The job of a news broadcaster is to report the news, not make it. But that was exactly the case recently when a local TV reporter from WSAZ in Charleston, West Virginia, was struck by a vehicle while reporting live…
Murphy Receives 2021 Daniel Patrick Moynihan Junior Faculty Award
Tessa Murphy, assistant professor of history, is this year’s recipient of the Daniel Patrick Moynihan Award for Teaching and Research. The award will be presented at the Maxwell School’s virtual Graduate Convocation on Saturday, May 22. As this year’s Moynihan Award winner, Murphy will be the featured speaker at Convocation. Assistant Professor of Political Science Dimitar Gueorguiev, the 2020 Moynihan Award winner, will also provide remarks.
The Moynihan Award is presented annually in recognition of a non-tenured faculty member of the Maxwell School with an outstanding record of teaching, research and service. Established eponymously in 1985 by then-U.S. Senator Daniel Patrick Moynihan, himself a former member of the Maxwell School’s junior faculty, the award is intended to help Maxwell recognize and retain promising junior scholars.
Murphy’s research interests lie in the history of race, slavery, indigeneity and empire in the colonial Americas, broadly defined to include the Caribbean, Central and South America, and what are now Canada and the United States. She has a forthcoming book, “The Creole Archipelago: Race and Borders in the Colonial Caribbean,” with the University of Pennsylvania Press, which publishes one of the leading catalogs in early American history. Murphy completed this book with the support of a National Endowment for the Humanities Fellowship, which she held at the John Carter Brown Library during the 2019-2020 academic year.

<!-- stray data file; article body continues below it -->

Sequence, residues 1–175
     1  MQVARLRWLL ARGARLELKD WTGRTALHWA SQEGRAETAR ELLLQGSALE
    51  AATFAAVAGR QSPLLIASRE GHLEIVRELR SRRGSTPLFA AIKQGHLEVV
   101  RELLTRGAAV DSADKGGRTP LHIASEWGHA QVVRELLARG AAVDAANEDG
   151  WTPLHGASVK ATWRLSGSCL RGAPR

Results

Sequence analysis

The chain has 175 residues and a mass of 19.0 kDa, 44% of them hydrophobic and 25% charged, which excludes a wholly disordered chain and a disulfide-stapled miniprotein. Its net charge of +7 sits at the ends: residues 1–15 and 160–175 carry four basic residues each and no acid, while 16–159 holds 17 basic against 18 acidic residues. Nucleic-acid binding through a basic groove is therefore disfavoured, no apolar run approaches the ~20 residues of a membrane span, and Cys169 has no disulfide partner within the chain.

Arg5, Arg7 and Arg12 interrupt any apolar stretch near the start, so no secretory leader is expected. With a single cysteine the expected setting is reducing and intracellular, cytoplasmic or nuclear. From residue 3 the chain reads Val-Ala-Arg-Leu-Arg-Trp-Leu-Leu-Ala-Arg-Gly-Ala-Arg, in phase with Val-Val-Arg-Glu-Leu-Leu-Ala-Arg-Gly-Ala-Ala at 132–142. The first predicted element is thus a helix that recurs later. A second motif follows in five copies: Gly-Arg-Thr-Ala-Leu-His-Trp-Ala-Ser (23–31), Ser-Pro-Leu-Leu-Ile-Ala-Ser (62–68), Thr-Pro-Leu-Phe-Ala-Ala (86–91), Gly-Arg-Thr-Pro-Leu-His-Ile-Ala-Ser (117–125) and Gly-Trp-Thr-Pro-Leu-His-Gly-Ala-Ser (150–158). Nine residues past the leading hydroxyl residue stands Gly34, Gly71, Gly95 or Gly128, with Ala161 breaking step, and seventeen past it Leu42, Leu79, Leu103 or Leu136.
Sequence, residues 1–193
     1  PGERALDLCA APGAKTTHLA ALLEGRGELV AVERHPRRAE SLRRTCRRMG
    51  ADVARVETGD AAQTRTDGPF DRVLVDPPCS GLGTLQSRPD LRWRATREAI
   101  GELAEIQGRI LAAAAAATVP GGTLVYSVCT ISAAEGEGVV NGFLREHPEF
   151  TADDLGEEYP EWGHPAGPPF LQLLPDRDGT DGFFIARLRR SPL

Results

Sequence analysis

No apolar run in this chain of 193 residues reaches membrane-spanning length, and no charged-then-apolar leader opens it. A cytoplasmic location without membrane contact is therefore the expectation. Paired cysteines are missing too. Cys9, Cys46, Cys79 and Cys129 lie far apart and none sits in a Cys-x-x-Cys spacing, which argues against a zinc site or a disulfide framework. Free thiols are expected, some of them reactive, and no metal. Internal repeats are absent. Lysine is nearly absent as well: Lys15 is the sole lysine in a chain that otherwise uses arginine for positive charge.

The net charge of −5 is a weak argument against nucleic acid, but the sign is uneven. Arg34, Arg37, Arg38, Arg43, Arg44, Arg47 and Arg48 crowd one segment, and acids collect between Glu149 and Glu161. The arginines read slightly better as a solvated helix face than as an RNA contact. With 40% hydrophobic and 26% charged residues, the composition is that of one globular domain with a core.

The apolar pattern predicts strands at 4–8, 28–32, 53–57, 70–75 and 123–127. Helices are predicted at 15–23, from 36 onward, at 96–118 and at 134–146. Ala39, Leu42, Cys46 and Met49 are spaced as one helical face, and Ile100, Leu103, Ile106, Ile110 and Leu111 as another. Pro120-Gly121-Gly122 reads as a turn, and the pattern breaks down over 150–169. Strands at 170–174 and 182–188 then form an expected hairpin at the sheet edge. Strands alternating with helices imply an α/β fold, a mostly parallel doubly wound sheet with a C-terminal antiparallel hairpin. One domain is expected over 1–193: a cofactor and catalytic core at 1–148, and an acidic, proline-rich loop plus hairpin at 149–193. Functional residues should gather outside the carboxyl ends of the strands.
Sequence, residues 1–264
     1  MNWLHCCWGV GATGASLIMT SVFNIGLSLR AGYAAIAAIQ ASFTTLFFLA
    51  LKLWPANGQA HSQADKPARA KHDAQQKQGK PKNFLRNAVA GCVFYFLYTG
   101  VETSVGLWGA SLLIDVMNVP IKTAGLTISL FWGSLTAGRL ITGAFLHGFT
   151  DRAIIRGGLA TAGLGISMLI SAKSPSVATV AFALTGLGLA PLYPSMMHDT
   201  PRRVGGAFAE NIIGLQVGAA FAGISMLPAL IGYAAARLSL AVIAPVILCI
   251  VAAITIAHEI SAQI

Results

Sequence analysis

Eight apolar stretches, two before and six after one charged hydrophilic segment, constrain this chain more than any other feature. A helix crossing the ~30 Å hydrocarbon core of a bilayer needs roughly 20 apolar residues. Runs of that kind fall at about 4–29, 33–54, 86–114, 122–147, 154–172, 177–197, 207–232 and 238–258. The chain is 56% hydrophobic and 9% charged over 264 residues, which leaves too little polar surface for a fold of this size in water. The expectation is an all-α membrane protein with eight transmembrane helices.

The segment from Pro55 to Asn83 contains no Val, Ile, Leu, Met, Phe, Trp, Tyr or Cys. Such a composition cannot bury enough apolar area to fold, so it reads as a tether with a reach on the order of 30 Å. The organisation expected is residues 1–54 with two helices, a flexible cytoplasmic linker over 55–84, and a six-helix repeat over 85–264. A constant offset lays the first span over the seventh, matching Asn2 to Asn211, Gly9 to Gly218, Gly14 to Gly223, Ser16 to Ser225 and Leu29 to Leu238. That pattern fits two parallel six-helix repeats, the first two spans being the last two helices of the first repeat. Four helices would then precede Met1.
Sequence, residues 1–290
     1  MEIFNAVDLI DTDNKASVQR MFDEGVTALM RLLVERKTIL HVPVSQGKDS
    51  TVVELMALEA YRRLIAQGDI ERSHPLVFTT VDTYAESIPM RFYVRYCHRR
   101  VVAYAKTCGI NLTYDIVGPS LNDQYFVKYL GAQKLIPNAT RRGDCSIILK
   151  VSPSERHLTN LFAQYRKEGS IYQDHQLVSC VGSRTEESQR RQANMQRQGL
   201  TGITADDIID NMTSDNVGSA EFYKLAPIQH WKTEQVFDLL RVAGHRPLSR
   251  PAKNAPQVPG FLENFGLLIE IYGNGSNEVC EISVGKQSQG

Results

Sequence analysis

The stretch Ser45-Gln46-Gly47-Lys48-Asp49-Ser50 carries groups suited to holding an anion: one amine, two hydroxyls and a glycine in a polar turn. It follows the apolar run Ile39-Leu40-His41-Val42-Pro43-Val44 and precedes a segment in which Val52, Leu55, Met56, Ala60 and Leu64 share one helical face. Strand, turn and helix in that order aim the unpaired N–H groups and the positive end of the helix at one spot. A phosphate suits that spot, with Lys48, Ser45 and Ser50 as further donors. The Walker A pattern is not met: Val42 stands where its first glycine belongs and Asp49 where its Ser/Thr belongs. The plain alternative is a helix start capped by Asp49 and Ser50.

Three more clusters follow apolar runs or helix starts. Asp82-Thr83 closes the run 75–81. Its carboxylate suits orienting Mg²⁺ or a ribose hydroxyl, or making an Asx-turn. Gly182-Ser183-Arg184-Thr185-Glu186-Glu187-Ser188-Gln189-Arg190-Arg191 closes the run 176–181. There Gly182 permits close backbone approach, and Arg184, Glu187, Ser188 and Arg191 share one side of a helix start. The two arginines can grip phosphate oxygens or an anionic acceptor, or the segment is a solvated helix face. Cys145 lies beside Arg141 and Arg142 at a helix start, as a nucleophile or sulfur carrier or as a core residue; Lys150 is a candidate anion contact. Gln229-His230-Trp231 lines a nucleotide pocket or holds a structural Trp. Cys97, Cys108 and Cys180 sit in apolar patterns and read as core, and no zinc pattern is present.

Murphy excels in both large lectures and small seminars, using a broad perspective to help students draw connections between regions often studied in isolation from one another, and to highlight the experiences of diverse historical actors. Drawing on her research, she has reframed existing courses such as American History to 1865 and the Age of the American Revolution to integrate the Caribbean and Latin America into understandings of the colonial Americas, and to insist on the importance of including Indigenous and enslaved people in conceptions of “early Americans.”
She has also contributed to the University’s Warrior-Scholar Project and has involved both undergraduate and graduate students in her current effort to create a searchable database from a registry of 700,000 enslaved people in the British West Indies. She has also supervised two undergraduate theses and joined five Ph.D. committees, including one at the University of Texas at Austin. In 2019, she received the Meredith Teaching Recognition Award.